The mother of the index patient was 25 years old at the time of birth. Parents were consanguineous cousins. She previously had six pregnancies, but lost all of them except one (a healthy girl). Three of her previous infants died in Somalia from undefined renal disease (two girls in the immediate neonatal period, and one boy at 1 month of age). The mother also had two spontaneous abortions (Fig. 1). Current pregnancy was complicated by bilateral hydronephrosis in the fetus, diagnosed at 22 weeks of gestation. Prenatal ultrasounds revealed hyperechogenic kidneys, associated with oligohydramnios at 32 weeks of gestation, and anamnios at 34 weeks of gestation requiring a C-section. At birth, the index patient presented with severe respiratory distress and persistent pulmonary hypertension requiring mechanical ventilation. Physical exam was remarkable for severe hypotonia and bilateral microcoria (Fig. 2). Birth weight, length, and head circumference were 2380 g (P10-50), 46.5 cm (P10-50), and 31 cm (P10-50), respectively. Placental weight was 840 g (>P97). Laboratory investigations revealed a severe nephrotic range proteinuria with acute renal failure [total plasma protein 30 g/l (reference range 46–70 g/l), albumin 16 g/l (reference range 26–36 g/l), urine protein 58.5 g/l (reference range ≤0.15 g/l), and plasma creatinine 300 μmol/l (reference range 17.7–88.4 umol/l)]. Peritoneal dialysis was initiated with daily albumin infusions. Renal ultrasonography showed enlarged hyperechogenic kidneys with a poor corticomedullary differentiation.
Fig. 1

Genealogical tree of the family: Parents are first-cousins; three sibs of the proband died in the neonatal period and were probably affected by Pierson’s syndrome

Fig. 2

Narrow nonreactive pupils (microcoria)

On the basis of the physical examination and clinical presentation, Pierson syndrome was suspected. Genetic analysis was performed in the Blueprint Genetics laboratory in Finland, using “the Nephrotic syndrome panel” which covers nine genes with a strong association with this disorder. Pierson syndrome was confirmed, with a novel homozygous nonsense mutation c.2890C>T (p.R964*) in the LAMB2 gene. Due to the dismal prognosis, life support treatment was withdrawn, and the infant died at 7 days of life.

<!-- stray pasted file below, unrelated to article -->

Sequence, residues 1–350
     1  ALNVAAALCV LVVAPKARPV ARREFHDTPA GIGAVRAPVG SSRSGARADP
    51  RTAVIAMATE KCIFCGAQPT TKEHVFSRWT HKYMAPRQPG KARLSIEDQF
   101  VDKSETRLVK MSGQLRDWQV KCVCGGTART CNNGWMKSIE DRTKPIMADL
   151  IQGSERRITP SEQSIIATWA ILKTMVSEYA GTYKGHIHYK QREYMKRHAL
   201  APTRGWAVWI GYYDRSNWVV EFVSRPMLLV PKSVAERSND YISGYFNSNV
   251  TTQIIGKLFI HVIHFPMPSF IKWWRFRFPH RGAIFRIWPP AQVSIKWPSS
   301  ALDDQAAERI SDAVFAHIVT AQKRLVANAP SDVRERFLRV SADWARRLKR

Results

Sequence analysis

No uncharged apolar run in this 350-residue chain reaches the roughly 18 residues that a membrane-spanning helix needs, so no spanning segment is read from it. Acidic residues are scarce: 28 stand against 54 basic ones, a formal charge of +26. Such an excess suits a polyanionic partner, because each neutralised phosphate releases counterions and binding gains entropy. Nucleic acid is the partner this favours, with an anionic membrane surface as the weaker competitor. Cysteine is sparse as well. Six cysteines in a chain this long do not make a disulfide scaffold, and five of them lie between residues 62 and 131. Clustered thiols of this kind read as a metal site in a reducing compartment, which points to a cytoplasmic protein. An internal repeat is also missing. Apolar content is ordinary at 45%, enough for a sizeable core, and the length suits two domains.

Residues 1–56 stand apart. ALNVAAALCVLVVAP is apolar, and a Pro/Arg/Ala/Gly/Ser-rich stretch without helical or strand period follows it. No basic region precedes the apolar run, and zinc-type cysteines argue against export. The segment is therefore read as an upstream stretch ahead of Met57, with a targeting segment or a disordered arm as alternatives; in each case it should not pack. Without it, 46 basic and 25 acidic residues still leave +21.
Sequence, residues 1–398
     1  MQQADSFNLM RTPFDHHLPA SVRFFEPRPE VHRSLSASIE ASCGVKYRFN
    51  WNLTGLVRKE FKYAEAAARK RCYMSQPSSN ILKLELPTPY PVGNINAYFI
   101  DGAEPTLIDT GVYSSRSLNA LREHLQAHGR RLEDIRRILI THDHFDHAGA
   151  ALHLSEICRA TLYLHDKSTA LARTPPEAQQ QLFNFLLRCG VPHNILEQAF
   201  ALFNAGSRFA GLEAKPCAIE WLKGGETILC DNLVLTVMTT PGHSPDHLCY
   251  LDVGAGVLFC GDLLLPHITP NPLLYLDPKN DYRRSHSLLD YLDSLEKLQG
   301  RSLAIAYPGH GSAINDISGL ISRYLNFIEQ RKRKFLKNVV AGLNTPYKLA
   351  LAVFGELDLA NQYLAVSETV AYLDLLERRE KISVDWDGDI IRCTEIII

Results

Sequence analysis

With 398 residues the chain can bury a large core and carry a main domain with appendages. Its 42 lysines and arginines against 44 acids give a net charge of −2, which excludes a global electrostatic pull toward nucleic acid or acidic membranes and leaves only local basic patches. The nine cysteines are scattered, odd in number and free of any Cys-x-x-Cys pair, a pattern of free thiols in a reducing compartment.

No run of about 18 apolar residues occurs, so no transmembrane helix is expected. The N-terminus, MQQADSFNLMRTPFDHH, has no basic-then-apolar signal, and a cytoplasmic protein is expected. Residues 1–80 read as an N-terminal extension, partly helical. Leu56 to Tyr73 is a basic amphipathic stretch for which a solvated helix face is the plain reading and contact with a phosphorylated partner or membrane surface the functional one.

Discussion

PS was first described in 1963 by Michel Pierson [1, 3, 4]. It is caused by mutations in the LAMB2 gene. It’s a rare disease with only around 50 mutations from about 40 unrelated families identified so far [1]. Recently, several novel mutations in LAMB2 gene that expand the clinical spectrum of LAMB2-associated disorders have been described [1, 2, 58]. Disease-causing mutations comprise missense, nonsense, and splice-site mutations, as well as small deletions and insertions, found either as homozygous or compound heterozygous. Truncating mutations are associated with severe disease. However, nontruncating LAMB2 mutations result in partial expression of laminin β2, causing less severe phenotype, resulting in some residual function of the gene [9, 10] and milder or atypical phenotypes [1, 2, 8, 9].

Kidney involvement in PS seems to be a universal presentation, with variable degrees of severity [8], ranging from a minor podocyte effacement to a diffuse mesangial sclerosis with crescentic formation [2]. Of note, renal involvement can be present before birth, as in our case, or appear later in life.